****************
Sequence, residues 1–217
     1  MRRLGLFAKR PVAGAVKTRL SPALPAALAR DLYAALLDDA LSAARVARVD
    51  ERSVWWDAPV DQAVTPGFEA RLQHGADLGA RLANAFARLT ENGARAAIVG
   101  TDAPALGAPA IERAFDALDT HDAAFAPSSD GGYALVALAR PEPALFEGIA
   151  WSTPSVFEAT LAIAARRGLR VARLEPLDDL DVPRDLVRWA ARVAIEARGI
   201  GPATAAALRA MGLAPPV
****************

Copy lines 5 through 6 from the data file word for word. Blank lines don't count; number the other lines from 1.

   151  WSTPSVFEAT LAIAARRGLR VARLEPLDDL DVPRDLVRWA ARVAIEARGI
   201  GPATAAALRA MGLAPPV